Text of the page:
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Igby Goes Down /

Rated: R

Starring: Kieran Culkin, Claire Danes, Jeff Goldblum, Susan Sarandon, Bill Pullman  

Directed by: Burr Steers 

Produced by: Marco Weber, Lisa Tornell 

Written by: Burr Steers 

Distributor: MGM/UA

Movie Image
Movie Image
Movie Image

     Igby Goes Down is a brilliant coming-of-age film, confidently exhibited through the work of a fledging filmmaker. The political theories, raging dialogue, and incoherent personalities are a riot, and are superbly written. They are extremely democratic, as well. I am a Republican, and in many ways, the film plays fun at this. But, the warped point of view on my political party offered tremendous cracks, and countless grins. Viewers’ opinions on politics and life in general will not interfere with the impact that Igby Goes Down puts on their shoulders. Their opinions will only affect the way that this impact is put upon them. This is a beautifully mystifying and inspiring work, and an often comical one, as well. Writer/director Burr Steers is a creatively witty genius.

     Igby Slocumb (Kieran Culkin) is a rebellious and defiant teenager. His eccentric family is constantly shipping him off, from private school to private school, in various locations on the east-coast. When he has been kicked out of, literally, all of these academic institutions, his pill-popping mother sends him to military school. Igby does not last long here. Before long, he cannot take the torture that this disciplined and confined place brings him. And, in his family’s last resort, ends up in rehab. Soon after, he escapes to the Bohemian underworld of Manhattan, and perfects the admirable look of the hobo. Here, he takes shelter in the studio of his godfather D.H.’s (Jeff Goldblum) artistic (though she has never painted a single thing in her life) mistress, Rachel (Amanda Peet). With his brother, Ollie Slocumb (Ryan Phillipe), out to find him, Igby must be especially careful going about his everyday life. In Manhattan, many things change his perception on the world. The most predominant being his newfound and inspiring girlfriend, Sookie Sapperstein (Claire Danes); the only person he really understands.

     The performances in Igby Goes Down are its best feature. Kieran Culkin, who plays Igby, is extremely comfortable acting in coming-of-age films. In The Dangerous Lives of Altar Boys, another film in the genre to which he lends his talents, Culkin proves that he is a darned good actor. I think in his next film, however, he must prove that he is somewhat versatile and look outside of the genre. Igby is a marvelous character, who will bring a smile to each and every one of his viewer’s faces. Susan Sarandon plays his paranoid mother, who will never pass up the chance to consume some over-the-counter medicine. Sarandon is fabulously comedic in her performance’s execution, and flawlessly showcases her many talents in this fabulously snaky supporting role. In the small amount of screen time that he is allotted, Bill Pullman shines. He plays Igby’s father, who is put in a mental institution, after a breakdown he has before taking the child to elementary school (this is shown through a flashback, where Culkin’s brother, Rory, plays Igby). With a slightly larger role, Ryan Phillipe definitely suits the liberally-written part of Igby’s Brother, Ollie. Phillipe captures such a gleeful perspective on this young [Rebublican] politician; one can simply not deny that his performance is anything short of miraculous. Amanda Peet and Claire Danes gracefully play the roles of young Igby’s sexual relations. Igby Goes Down is a film that expresses the corruptness of the new generation. This is, most of the time, conceived through sex. While watching this seventeen year-old’s bed-bearing habits, this aspect is, definitely convincing, though.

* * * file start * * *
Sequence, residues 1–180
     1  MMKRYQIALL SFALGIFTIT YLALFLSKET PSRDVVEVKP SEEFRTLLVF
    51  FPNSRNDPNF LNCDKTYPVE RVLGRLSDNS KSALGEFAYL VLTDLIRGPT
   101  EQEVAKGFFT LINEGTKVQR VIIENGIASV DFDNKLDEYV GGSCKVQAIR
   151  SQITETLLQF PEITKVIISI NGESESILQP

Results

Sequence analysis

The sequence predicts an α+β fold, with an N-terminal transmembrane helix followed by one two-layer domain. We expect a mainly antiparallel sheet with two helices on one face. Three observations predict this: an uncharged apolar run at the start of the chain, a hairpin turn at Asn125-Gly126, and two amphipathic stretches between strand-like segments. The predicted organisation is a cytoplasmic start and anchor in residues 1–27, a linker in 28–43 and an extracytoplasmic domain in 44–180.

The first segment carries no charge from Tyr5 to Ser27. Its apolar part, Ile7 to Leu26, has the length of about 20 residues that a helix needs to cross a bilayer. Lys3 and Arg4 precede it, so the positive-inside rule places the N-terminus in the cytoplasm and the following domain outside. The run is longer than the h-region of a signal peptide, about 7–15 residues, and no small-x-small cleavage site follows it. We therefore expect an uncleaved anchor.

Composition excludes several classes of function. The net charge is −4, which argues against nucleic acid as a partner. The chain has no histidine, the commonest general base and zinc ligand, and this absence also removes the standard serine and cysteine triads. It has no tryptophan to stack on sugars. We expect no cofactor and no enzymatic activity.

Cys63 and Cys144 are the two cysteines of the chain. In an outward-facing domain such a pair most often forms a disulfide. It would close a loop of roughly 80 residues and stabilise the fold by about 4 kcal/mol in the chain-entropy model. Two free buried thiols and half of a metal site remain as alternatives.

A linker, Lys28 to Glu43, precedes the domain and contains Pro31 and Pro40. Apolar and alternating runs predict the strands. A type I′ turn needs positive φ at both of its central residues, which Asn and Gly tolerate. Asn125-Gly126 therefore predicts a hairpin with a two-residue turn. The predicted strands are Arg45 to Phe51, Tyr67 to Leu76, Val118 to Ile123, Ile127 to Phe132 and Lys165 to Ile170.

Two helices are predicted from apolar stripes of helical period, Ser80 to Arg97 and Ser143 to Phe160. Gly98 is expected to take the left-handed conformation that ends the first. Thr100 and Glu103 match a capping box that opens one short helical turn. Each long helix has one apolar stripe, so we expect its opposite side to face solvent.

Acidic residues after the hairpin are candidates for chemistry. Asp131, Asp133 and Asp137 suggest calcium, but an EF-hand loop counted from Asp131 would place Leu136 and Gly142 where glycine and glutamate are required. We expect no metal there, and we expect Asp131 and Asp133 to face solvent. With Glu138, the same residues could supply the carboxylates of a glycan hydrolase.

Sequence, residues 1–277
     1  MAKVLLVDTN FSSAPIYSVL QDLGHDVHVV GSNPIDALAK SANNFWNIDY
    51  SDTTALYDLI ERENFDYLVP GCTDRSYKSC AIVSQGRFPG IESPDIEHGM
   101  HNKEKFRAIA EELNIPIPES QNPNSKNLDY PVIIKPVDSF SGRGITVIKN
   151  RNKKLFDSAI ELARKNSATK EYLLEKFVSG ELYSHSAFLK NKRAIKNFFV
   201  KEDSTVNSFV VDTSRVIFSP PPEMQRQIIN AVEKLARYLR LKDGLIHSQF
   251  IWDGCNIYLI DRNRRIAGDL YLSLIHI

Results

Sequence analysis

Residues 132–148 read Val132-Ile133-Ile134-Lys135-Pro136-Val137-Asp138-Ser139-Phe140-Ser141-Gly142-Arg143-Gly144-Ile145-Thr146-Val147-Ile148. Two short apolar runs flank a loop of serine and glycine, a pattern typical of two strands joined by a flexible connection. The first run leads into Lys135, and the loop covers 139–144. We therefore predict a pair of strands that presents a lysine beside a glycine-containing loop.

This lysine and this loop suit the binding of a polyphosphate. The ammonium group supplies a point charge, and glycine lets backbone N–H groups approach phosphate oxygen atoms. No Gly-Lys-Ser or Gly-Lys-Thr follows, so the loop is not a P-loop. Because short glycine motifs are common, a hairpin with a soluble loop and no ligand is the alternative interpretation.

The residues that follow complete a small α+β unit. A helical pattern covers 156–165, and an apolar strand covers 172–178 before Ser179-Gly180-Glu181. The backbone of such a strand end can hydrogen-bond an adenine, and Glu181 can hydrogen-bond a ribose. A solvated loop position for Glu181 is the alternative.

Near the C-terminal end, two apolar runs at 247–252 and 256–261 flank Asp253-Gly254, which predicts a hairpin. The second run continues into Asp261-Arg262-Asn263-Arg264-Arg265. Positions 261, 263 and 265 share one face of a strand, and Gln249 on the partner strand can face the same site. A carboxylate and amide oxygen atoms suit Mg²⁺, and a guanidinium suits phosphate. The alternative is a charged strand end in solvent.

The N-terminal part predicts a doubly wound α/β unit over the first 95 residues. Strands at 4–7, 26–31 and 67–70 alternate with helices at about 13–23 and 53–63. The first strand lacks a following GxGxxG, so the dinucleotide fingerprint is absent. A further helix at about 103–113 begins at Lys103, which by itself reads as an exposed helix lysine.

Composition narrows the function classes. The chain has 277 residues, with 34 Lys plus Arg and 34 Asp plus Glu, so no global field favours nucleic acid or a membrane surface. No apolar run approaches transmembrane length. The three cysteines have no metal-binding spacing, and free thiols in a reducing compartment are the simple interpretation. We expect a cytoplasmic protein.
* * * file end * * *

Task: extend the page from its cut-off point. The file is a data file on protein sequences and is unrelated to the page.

Igby Goes Down was written and directed by Burr Steers. To be perfectly honest, his work on the film is nothing short of amazing. The writing is provoking, and merges a combination of satire, creativity, and political awareness. I was fully engaged in the profoundness of the material, and almost began to religiously study it, during the duration of the film. The shots are careful posed within the direction, and they alone, are worth seeing the movie for. Each intricacy in Igby Goes Down is mystically arousing, for its deep perception on life as it stands. Derived from what are clearly true feelings and experiences, author Steers’ is able to endeavor us in the involving and conflictive premise. I look forward to his work in the future, because of its simple beauty and excellence.

     In its own, beautiful way, Igby Goes Down is an exuberant and well-crafted film. I am overjoyed by its tremendous success. In a deep, compassionate sense, this is a flick that has it all. Writer/director Burr Steers gives it an infallibly deep complexion that will tamper with the minds in the audience. Performances by Bill Pullman, Amanda Peet, Kieran Culkin, Susan Sarandon, Ryan Phillipe, and Claire Danes, help it tremendously. Because of these talented actors and actresses, I am able to deem it an exceptionally moving coming-of-age drama. Intuitively intelligent; Igby Goes Down is an astonishingly stunning onscreen knockout.

-Danny, Bucket Reviews


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